3. vto 3

    The elephant in the room is the bank debt that has snuck so sneakily into our system that we think it is somehow normal..

    Ask yourself where our system would be if that disappeared in a puff…

    partake at your peril

    • One Anonymous Bloke 3.1

      We don’t have to ask ourselves – we can look at similar situations from history.

      • vto 3.1.1

        That’s right. It is surprising how willing people are to turn a blind eye to history and reality…. greeeeed – always the downfall.

        The banks rub their hands in glee in so-called boom times like this as they incrementally claw more money out of the people’s pockets and into their shareholders hands…

    • AsleepWhileWalking 3.2

      The confluence of potential black swans this year means a systemic issue sooner rather than later, and there are more swans landing on the lake every day.

  4. Charles 4

    Hobsonville wasn’t ever going to be the new Massey (it’s close, much less well heeled, suburban neighbour) of West Auckland. It never was, not even in 1990. So the idea that any government like a right wing government was going to build anything like “affordable”/egalitarian housing near there is a joke. Take a drive out to Westgate on the weekend, and have look. You’ll need to drive, because public… oops, I mean commuter transport… runs on retail peak hours. Who’s missing from the “affordable” picture Hmmm? It’s pretty “white”, and able-bodied, much like the Nth Shore – minus “Asian” people. How many of the affordable new houses are being built for wheelchair access?

    Last time I looked at the figures, Massey has the highest unemployment in West Auckland, the ethnic distibution is wide, the West in general fares badly, second only to South Auckland.*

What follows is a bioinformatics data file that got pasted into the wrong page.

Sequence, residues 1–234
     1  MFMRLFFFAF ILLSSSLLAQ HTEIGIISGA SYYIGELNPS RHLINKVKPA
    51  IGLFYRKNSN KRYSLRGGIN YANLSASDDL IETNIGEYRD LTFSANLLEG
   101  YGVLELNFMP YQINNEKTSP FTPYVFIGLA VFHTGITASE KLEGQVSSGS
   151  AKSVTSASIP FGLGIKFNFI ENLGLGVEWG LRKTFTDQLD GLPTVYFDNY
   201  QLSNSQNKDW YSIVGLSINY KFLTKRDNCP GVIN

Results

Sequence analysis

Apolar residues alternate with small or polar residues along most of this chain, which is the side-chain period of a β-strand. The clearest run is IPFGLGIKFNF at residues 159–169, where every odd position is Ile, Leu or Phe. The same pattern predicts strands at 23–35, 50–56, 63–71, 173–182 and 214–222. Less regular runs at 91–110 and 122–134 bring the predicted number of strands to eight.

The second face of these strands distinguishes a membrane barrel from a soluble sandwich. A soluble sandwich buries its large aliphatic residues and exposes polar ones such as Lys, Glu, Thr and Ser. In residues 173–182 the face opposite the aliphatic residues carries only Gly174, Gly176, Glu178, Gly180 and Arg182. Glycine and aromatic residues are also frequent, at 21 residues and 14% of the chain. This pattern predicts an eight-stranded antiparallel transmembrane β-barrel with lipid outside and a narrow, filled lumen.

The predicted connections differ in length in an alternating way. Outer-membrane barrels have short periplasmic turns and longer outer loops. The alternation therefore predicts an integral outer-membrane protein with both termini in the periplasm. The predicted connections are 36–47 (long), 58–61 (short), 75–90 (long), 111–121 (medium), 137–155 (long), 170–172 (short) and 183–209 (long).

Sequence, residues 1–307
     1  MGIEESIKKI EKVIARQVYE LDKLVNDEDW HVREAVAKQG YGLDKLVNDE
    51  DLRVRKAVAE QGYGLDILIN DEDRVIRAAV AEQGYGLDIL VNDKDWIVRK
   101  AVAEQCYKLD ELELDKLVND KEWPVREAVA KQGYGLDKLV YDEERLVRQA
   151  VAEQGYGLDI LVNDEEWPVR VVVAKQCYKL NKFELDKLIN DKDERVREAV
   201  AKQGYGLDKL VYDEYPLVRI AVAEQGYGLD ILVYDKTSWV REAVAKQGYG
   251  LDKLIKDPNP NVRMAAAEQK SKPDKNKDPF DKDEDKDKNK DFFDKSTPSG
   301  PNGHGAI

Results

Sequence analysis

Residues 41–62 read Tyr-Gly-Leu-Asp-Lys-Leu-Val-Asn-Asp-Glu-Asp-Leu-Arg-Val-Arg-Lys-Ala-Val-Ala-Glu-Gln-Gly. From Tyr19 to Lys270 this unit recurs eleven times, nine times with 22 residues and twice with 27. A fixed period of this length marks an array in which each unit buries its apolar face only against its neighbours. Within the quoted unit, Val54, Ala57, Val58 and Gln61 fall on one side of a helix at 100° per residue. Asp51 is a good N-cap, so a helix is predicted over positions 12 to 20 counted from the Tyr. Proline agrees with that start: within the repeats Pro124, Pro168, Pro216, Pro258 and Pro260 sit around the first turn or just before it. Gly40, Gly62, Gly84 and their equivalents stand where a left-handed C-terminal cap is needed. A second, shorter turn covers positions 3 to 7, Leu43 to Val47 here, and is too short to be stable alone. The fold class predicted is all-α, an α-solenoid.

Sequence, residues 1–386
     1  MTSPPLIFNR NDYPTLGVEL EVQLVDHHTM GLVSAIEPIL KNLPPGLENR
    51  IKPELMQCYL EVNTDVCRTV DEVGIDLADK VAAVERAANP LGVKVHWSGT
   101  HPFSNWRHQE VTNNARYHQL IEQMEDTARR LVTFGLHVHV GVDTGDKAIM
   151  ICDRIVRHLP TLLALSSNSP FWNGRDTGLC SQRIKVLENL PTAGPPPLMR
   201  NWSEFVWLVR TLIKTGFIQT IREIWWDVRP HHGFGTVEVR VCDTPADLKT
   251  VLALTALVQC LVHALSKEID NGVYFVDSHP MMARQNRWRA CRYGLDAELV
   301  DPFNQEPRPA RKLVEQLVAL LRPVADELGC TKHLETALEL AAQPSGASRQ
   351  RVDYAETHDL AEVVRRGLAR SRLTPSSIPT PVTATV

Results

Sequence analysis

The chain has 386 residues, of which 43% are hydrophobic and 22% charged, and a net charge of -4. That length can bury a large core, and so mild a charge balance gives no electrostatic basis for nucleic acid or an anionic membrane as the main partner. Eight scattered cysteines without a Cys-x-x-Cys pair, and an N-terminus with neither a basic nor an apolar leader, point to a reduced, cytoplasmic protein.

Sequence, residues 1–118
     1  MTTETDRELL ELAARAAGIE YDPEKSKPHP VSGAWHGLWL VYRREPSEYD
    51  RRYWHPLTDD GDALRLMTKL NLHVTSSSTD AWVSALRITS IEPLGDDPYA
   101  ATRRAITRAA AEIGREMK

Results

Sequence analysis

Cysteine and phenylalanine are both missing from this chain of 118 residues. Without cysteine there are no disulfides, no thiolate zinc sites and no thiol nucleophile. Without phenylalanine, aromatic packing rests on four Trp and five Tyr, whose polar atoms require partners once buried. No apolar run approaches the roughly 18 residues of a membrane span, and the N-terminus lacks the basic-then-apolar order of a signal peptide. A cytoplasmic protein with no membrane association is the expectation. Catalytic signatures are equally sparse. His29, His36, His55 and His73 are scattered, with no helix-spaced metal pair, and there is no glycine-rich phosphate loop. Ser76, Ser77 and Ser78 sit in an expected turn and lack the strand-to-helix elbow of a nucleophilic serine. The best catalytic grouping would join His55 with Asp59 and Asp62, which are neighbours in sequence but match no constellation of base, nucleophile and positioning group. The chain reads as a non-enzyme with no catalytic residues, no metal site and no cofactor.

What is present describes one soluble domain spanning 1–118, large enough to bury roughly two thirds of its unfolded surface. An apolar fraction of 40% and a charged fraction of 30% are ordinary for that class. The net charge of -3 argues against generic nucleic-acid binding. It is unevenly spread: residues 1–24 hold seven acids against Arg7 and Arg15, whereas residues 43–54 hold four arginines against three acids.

So the “average wage” as referred to in the statistics NZ site link above says $991 from wages or salary. 42.5% of Maori* in Auckland earn $20k per year or less. How’s those Treaty Obligations going for you, National? Not very close to $991pw, in fact, to rent a place in the West if you have a family, both parents would have to be working, or having their costs subsidised, at that income level. Not many extras are affordable.

    The point is these new houses aren’t for the “average” person.

    *I hate having to quote these rudimentary figures and facts because it gives the impression, by middle-class “lifestyle at all costs” standards, that poor people are deadbeats, Maori are “inherently poor”, and that the unemployed are criminals/worthless/on-the-out; and by comparison, all the whiter/wealthier shades in the West are evil overlords. The suggestion does not bear-up to the personal experience, that whenever I come into contact with people from the South or the West, they are the some of best people Auckland have to offer. Of course, I don’t voluntarily frequent the criminal set, so make of anecdote what you will.